Diffusion Approach to Long Distance Charge Migration in DNA: Time-Dependent and Steady-State Analytical Solutions for the Product Yields

Document Type


Publication Date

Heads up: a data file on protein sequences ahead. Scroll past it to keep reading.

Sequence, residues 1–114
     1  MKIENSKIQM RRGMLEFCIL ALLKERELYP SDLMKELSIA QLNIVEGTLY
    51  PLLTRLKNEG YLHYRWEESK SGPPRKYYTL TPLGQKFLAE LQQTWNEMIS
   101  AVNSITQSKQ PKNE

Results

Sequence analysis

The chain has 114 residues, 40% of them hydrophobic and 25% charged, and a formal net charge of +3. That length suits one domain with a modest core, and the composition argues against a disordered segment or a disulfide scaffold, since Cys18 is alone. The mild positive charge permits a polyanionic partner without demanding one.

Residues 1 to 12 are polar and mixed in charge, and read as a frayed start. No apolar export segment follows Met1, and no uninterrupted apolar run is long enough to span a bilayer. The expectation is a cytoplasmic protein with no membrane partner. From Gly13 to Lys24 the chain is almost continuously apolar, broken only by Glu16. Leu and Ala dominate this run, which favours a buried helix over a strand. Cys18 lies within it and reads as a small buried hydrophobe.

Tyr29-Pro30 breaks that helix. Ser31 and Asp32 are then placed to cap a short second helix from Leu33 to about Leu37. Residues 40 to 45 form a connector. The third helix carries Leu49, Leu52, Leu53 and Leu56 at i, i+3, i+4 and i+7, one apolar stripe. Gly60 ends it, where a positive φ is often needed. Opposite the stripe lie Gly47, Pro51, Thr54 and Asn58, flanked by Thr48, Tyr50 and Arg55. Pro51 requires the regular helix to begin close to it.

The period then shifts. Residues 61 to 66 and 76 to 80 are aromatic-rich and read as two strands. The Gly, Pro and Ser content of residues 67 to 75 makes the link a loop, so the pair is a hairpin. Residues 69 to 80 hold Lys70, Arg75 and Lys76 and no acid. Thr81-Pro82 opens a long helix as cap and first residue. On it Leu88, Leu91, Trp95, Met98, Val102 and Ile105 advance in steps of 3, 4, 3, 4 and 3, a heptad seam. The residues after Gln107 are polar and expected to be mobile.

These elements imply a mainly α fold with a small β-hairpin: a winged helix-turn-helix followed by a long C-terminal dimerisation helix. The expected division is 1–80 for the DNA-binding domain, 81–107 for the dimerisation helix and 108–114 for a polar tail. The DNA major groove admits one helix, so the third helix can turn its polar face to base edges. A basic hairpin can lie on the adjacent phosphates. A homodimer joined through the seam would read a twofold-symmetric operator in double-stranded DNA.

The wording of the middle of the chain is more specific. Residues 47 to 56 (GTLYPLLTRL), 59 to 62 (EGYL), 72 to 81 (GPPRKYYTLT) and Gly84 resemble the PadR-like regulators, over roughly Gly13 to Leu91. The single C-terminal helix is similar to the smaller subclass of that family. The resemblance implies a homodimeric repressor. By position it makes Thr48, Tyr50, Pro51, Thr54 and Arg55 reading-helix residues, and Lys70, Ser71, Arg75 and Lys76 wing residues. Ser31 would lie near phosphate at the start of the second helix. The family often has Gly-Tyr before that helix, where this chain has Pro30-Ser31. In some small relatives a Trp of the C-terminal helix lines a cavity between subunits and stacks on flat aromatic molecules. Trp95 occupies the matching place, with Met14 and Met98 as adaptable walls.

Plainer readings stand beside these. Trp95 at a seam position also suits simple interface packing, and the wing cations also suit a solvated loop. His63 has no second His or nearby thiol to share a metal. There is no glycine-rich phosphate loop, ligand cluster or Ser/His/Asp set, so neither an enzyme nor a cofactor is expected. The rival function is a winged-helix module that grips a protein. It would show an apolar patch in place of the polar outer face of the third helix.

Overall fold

In this study we report analytical solutions for both time-dependent and steady-state problems of unbiased charge transfer through a regular DNA sequence via a hopping mechanism. The phenomenon is treated as a diffusion of charge in a one-dimensional array of equally spaced and energetically equivalent temporary trapping sites. The solutions take into account the rates of charge hopping (k), side reactions (kr), and charge transfer to a terminal charge acceptor (kt). A detailed analysis of the time-dependent problem is performed for the diffusion-controlled regime, i.e., under the assumption that kt ≫ k, which is also equivalent to the fast relaxation limit of charge trapping. The analysis shows that the kinetics of charge hopping through DNA is always multiexponential, but under certain circumstances it can be asymptotically approximated by a single-exponential term. In that case, the efficiency of charge transfer can be characterized by a single rate constant kCT = 1.23kN-2 + kr, where N is the DNA length expressed in terms of the number of equidistant trapping sites and kr is the rate of competing chemical processes. The absolute yield of charge transfer under steady-state conditions in general is obtained as Y∞ = ω[α sinh(αN) + ω cosh(αN)]-1, where α = (2kr/k)1/2 and ω = 2kt/k. For the diffusion-controlled regime and small N, in particular, it turns into the known "algebraic" dependence Y∞ = [1 + (kr/k)N2]-1. At large N the solution is asymptotically exponential with the parameter α mimicking the tunneling parameter β in agreement with earlier predictions. Similar equations and distance dependencies have also been obtained for the damage ratios at the intermediate and terminal trapping sites in DNA. The nonlinear least-squares fit of one of these equations to experimental yields of guanine oxidation available from the literature returns kinetic parameters that are in reasonable agreement with those obtained by Bixon et al. [Proc. Natl. Acad. Sci. U.S.A. 1999, 96, 11713-11716] by numerical simulations, suggesting that these two approaches are physically equivalent.